Begin with Yourself and Your Immediate Family
First write down everything you know about yourself. Your birthdate,
where you were born, christened, married, check your official certificates.
Then write down any details of your parents, Grand-parents, your children,
and any other relatives you can think of. Seek out, and collect information
from as many, Birth, Marriage, and Death (BMD)
Certificates as you can.
Draw out a rough family tree that you can refer to and add to later.
Don't worry about any unknowns - you can fill these in later. Remember
to include dates and places of births, marriages, deaths, burials etc.
In the beginning it is best to keep a loose leaf folder with separate sheets
for each family. Keep the roughed out tree in the front of the folder.
This may be the best start that you can make in this area of recording
all those loose bits of information and scribbled notes. Later, you may
wish to utilise a computer or word processor to help in this task and packages
are available to assist you as your collection of information increases.
Next, talk to Your Relatives
Ask your oldest relatives to help you - they are your first, best,
link with your ancestors - they may have been a youngster when your Great-Grandfather
went to War and remember a great deal about him and the events of that
time. They may have their own collections of certificates/letters of interest.
Always offer to photocopy any important pieces. It is possible that information
given in the beginning later proves to be incorrect. But, if you keep asking,
more memories may be forthcoming and the accuracy of the information you
collect may well improve. This is particularly so if you take along old
photographs, documents and your outline Family Tree. They may spot errors,
or mention relationships, and other people, that were previously unknown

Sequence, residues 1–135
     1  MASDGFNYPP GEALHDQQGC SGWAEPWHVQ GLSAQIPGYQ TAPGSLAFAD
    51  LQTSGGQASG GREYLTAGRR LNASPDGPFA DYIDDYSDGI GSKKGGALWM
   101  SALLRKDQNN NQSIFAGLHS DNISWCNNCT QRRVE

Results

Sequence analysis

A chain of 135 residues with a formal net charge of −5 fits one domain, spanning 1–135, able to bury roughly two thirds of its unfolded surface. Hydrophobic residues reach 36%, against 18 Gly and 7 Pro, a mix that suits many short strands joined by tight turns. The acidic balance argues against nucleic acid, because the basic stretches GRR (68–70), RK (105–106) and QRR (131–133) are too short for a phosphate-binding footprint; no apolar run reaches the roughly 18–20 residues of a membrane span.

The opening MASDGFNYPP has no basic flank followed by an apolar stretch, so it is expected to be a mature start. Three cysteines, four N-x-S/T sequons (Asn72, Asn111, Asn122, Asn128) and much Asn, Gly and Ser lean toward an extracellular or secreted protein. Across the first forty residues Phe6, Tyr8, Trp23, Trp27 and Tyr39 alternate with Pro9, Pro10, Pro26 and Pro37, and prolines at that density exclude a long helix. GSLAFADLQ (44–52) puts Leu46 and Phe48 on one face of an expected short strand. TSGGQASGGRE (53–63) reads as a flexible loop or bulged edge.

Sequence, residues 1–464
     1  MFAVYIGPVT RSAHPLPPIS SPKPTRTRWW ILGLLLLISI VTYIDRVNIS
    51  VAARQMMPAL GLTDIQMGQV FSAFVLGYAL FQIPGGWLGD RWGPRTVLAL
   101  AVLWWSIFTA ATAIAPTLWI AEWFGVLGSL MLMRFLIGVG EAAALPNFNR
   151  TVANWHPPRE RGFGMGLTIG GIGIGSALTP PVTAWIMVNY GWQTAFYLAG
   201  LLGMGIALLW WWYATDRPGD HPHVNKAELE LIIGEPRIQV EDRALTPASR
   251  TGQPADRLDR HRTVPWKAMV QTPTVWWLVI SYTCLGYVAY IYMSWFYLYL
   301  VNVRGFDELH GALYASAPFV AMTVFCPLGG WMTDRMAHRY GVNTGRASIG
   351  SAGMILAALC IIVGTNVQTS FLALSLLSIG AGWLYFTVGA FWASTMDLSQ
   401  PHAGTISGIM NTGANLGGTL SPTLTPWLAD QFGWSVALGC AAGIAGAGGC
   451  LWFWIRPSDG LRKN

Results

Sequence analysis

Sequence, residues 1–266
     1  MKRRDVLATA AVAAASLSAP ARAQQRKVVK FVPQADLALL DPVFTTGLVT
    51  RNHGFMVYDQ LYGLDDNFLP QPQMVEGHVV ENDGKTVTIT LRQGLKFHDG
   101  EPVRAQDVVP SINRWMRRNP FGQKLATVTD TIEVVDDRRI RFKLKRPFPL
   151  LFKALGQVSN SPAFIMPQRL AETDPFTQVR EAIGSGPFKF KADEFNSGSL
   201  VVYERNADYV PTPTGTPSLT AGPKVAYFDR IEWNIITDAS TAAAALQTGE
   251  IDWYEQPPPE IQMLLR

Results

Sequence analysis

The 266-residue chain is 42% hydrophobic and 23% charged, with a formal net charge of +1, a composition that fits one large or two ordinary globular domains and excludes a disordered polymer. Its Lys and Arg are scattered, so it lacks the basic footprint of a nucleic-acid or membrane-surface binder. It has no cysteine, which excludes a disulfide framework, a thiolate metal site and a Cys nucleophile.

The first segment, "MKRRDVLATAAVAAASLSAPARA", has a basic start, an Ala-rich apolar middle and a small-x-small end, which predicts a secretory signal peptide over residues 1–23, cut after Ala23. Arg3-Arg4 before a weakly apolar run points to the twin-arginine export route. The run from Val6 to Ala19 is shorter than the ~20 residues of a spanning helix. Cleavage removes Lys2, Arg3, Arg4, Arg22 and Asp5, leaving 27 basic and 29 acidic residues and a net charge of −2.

to you. Ask around the family as to whether any of your other relatives
have been researching the family - you may save each other quite some time.
Get some background material
Visit your local library or Discovery Centre. They will have a leaflet or brochure relating
to first steps in Family History and Genealogy. You will find a number
of books listed that will help you. Try to borrow some of them. There are
scores of books devoted to the subject, some very specific, some general
and, many very suitable for beginners.
Browse the bookshelf of your local large Newsagents. There are a number
of monthly magazines devoted to this absorbing hobby.
There are many excellent articles and everyone should read and digest the very
sound advice given.
Others can help too!
Even if you have no relatives in the area in you live or work the advice
is, from many people deeply involved in researching Family History, to
out and join your nearest Family History Society (FHS). It is through
meeting other 'like-minded' individuals that you can gain new insights
and guidance on the next steps to take. Most societies cost under £10
a year to belong to, providing you with membership, a society magazine,
and access to search services. It will then be useful to join the County